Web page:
We are also facing their attack on all that is essential about 28 October and the traditions of our modern statehood. They are rewriting the history of the struggle for our freedom, they are trying to make the victors and the real saviours of Europe and the world after the Second World War look like war criminals, they are defaming our victories. And they find among us not a few who are willing not only to listen to them, but also to sympathise with them and even to promote their views.
These radical ideologues use international institutions such as the United Nations and the European Union, in particular, to achieve their goals. As a result, Brussels' policies are also pursuing goals other than freedom, prosperity and raising the standard of living of the people of Europe. The people and their well-being are to be sacrificed to an unscientific climate chimera, which, after all, is – as so often in history – just a cover for a classic power struggle. A ruthless assault on the living standards and lifestyles of the people of Europe is under way, high and certainly not short-term inflation is running rampant everywhere, and civil rights and freedoms are being curtailed under the pretext of the Covid-19 epidemic.
I dare say that we are at yet another key crossroads where everything is once again on the line. And that includes everything that 28 October symbolizes for us. That is not a phrase that can be used at any time. Unfortunately, few of us are sufficiently aware of today's new threats and risks. Others are very comfortable fighting past wars, increasingly succumbing to media manipulation and paying insufficient attention to what is happening around them. This is unforgivable.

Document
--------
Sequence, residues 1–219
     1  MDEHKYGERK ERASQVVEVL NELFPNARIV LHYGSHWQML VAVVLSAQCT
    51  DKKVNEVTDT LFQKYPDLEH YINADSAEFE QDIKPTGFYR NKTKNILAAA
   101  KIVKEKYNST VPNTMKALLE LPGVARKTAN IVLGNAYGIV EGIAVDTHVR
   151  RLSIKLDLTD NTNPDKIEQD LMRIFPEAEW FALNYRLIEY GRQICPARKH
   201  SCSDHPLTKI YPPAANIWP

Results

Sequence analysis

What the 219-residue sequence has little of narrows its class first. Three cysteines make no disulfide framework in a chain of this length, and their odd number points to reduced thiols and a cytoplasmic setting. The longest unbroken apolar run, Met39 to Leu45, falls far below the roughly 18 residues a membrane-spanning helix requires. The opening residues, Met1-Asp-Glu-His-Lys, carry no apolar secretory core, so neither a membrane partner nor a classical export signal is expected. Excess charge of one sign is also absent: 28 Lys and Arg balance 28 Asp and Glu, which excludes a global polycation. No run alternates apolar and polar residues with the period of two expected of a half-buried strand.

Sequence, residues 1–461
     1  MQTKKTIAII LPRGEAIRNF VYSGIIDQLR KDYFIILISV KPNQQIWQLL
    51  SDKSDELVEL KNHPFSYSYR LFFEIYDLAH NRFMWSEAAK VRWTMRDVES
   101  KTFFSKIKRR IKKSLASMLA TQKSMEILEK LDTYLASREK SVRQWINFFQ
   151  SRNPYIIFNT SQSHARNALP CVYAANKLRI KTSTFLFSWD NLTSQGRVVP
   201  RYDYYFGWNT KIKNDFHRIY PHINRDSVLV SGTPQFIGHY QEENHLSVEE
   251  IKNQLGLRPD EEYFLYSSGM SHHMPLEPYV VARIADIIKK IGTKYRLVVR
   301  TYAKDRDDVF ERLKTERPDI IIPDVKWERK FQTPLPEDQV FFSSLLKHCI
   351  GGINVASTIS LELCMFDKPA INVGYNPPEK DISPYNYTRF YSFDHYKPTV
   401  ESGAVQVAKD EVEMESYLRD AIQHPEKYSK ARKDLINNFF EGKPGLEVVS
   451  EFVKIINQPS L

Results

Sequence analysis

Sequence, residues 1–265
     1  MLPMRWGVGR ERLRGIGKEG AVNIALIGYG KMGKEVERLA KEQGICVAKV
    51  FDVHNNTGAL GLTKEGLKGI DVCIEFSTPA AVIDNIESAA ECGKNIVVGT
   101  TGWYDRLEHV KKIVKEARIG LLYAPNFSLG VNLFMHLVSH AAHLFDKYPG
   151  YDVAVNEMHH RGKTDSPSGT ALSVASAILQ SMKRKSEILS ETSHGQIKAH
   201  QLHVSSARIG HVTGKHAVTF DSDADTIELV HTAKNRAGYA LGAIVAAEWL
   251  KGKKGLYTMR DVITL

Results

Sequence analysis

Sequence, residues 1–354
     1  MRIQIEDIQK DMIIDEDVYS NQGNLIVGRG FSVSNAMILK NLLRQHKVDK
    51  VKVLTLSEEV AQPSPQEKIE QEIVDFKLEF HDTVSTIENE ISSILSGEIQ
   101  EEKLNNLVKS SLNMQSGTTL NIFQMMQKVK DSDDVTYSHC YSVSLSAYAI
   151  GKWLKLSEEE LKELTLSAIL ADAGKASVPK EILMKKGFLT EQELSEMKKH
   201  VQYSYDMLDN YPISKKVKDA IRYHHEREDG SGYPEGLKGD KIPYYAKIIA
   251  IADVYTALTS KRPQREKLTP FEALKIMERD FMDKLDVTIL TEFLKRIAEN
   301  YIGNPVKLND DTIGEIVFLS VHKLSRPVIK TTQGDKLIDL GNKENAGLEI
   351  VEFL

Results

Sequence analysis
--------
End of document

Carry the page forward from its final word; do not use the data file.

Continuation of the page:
Attitudes of this type were demonstrated in the recent parliamentary elections, the outcome of which was influenced by proxy issues rather than clear views on the key ideological, political and economic issues of the day. The winners of the elections talk very unconvincingly and vaguely about the change they want to bring about, but they do not mean change in the dangerous trends we are experiencing and which threaten our future. They do not have the courage to confront them, they prefer to give in to them. Moreover, they imagine change in a completely different way from the silent majority of our fellow citizens.
This year, the traditional celebration of the national holiday will not take place at Prague Castle. The reason for this is the health condition of the President of the Republic, Miloš Zeman, and his hospitalization. This fact also seems to symbolise the peculiarities and risks of the times in which we find ourselves. I am therefore very glad that we were able to commemorate and honour our national holiday on 28 October with dignity, at least here in the Prague Castle Ball Games Hall.
Thank you once again for the invitation and for the opportunity to say here what I consider to be very urgent words.
Thank you for your attention.
Former Czech President Prof Václav Klaus, Ceremonial Assembly of the Czech Freedom Fighters Union on the occasion of the National Day of 28 October, Prague Castle Ball Games Hall, Prague, 28 October 2021. Video.
Translated with DeepL.com (free version)